Mexican . . .
week we are going Mexican.
This week's column comes after an inquiry from Janie
Brown, who had come across the term 'jacquard meat'
in a recipe for fajita (pronounced: fah-heat-ahh) and
wondered what the term meant.
meat is simply meat that has been tenderised by multiple
piercings, often used in conjunction with marinating
or rubbing in of spices, etc. Jaquarding the meat allows
the flavours to penetrate deeper and faster. Commercially
this is done with use of a machine with needle attachments.
Many of you will have no doubt purchased steaks that
have been treated this way. It allows cheaper cuts of
beef, etc to be tenderised and used or cooked as grilling
home this can be achieved by stabbing the meat with
a normal eating fork or similar. As the process breaks
down the external and internal cellular walls you will
be surprised just how tender the meat becomes.
just what is a fajita? If it comes to that what about
all these other Mexican foods? Are you also confused
about what a taco is and how it differs from a tortilla
or a burrito, etc?
- a stuffed, rolled tortilla
- a thick, filled boat shaped tortilla
- corn tortilla pieces marinated in chile, layered
with a filling, sauce and cheese, and baked in a casserole
(similar to lasagne)
Chimichanga - a deep fried burrito
- corn tortilla cooked in oil, dipped in sauce, filled
and baked with more sauce
- corn tortillas filled and folded in half - topped
with frijoles (beans) before baking
- traditionally this is skirt steak that has been
marinated in a mixture of oil, lime juice, red pepper
and garlic for at least 24 hours before being grilled.
The cooked meat is cut into strips that are then served
either on or wrapped (burrito style) in warm tortillas.
But the marinade, etc can also be used applied to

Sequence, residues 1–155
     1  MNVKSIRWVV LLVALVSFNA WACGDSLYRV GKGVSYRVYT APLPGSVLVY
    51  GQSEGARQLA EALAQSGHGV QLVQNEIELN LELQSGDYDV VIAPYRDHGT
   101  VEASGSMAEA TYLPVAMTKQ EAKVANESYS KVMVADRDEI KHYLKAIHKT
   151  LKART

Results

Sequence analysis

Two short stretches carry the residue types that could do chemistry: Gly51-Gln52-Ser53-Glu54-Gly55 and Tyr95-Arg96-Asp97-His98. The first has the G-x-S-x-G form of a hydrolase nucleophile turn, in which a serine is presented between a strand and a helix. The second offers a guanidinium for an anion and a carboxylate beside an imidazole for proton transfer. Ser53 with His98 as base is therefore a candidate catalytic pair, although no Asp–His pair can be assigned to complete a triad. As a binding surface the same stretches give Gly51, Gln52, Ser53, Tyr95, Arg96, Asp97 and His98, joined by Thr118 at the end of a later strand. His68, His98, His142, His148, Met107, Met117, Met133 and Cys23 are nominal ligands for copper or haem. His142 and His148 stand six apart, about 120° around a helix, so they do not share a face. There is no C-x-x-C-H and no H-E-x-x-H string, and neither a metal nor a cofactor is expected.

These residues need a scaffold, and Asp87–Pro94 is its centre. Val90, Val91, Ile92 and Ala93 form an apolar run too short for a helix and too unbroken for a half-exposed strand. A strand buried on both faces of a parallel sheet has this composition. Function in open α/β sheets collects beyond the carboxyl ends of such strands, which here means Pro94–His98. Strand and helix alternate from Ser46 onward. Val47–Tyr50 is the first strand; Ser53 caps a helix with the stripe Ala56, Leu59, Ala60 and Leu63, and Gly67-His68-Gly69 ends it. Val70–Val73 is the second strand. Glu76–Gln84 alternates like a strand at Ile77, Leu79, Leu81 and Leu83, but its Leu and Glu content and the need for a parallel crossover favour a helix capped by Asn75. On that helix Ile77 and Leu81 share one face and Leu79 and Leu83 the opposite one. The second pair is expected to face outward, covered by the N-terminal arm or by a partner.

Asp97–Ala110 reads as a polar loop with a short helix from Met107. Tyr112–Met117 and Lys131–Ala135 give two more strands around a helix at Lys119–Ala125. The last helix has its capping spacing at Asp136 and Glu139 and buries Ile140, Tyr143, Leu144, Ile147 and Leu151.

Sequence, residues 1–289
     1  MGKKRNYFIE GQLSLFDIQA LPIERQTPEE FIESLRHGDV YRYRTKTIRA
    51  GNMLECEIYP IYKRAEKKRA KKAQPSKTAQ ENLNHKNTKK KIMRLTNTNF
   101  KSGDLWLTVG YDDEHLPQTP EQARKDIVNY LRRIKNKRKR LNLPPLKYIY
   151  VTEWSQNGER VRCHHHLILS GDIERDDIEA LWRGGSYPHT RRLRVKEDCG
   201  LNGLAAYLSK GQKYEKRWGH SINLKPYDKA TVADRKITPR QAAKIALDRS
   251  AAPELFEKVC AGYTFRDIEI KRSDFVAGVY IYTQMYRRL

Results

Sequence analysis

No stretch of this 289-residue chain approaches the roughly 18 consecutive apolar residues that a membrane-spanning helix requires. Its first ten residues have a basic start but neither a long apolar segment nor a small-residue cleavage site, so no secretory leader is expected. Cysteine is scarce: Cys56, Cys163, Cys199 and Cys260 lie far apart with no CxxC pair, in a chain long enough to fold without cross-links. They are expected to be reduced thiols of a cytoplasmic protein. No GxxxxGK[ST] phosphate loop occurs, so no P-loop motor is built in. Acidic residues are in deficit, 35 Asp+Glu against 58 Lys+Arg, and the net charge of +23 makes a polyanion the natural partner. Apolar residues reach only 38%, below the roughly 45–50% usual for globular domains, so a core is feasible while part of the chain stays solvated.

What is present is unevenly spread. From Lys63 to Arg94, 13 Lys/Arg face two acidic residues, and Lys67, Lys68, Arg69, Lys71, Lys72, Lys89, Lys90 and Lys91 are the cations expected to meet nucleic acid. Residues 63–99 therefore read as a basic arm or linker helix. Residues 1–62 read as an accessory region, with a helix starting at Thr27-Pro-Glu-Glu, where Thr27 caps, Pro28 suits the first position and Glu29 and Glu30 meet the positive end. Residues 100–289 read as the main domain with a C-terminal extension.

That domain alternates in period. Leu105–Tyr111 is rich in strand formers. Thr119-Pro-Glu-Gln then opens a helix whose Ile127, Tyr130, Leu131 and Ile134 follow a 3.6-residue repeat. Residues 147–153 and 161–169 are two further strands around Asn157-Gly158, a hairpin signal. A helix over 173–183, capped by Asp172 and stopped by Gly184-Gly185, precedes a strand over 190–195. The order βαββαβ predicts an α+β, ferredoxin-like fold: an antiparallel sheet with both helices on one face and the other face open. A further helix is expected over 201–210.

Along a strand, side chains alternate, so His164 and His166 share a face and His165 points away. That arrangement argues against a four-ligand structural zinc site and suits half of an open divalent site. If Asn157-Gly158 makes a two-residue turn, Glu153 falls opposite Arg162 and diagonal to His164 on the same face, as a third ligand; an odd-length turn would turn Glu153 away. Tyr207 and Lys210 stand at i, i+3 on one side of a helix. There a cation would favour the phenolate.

- a deep fried stuffed corn tortilla
- a thick tortilla, deep fried. Cut and stuffed as
per pita bread
- tortillas stuffed with various ingredients (including
Quesa meaning cheese) and folded in half. They can
be fried, baked, sautéed or grilled until cheese
melts forming a seal
- a soft tortilla wrapped around foods with no seal
either end; normally served in a 'U' shape
- tortilla dough enclosing a simple filling and grilled
- a corn chip like a volcano or pyramid (tortilla/taco
- a soft, flat bread made of corn or wheat flour
as you can see for the most part the name reflects how
many of them are served physically, whether it is wrapped
or rolled, if it is baked or deep fried, etc. For the
most part what you fill them with is entirely up to
the individuals taste . . . and imagination!
apparently originated along the Rio Grande River on
the Texas Mexico border and were eaten by the cattle
wranglers. The bef skirt steak is the traditional and
best cut used but these days many other cuts and meats
are used. You might have been served these in restaurants
where a cast-iron griddle is used. While this may be
dramatic, it is something developed by restaurants and
is in no way a part of true fajitas.
following is the traditional recipe for the method of
marinating the jacquard meat for fajitas. There are
of course many variations and versions for making this
but so you know exactly what fajita should be this is
as traditional a recipe as you can get.
steak - beef
- thinly sliced
chilli - powdered or flaked
cloves - chopped
chillies - pickled
a fork, pierce / stab the piece of skirt steak as
much as you can on both sides. The more it is pierced
the better the flavour and more tender it will be
(this is normally quite a tough cut of meat)
method that can be employed is to take a very sharp
knife and score the meat to a depth of 1/2 - 1cm
parallel lines approximately 1/2 cm apart
the skirt steak around and now repeat to form a criss-cross
pattern of scores
on the other side
half of the onions in a glass or stainless steel bowl/tray
the remaining ingredients (dry and then wet) together
and rub this marinade really well into the meat
the steak into the dish, on top of the onions and
cover with the remaining onions
with cling film and refrigerate overnight, turning
a griddle plate or bbq until quite hot (the fajitas
must cook on a very high heat source, to seal the
outside but still leave the meat medium to rare)
the meat from the marinade, cut into 2cm thick strips
and toss in the oil
for 2 to 3 minutes on each side, or until the outside
is nicely brown and slightly charred
the meat to a bowl allow to rest while you cook the
remaining strips. Do not attempt to cook too many
at once or the necessary heat will be lost - allow
the grill to heat up again before cooking the next
the cooked meat into thinner strips if required so
that can be easily rolled into the soft tortillas
with warm, soft flour tortillas and your favourite
salsa, salad, etc
and bon appetit . . . . .
quantity (add to taste)
meaning a whole one of
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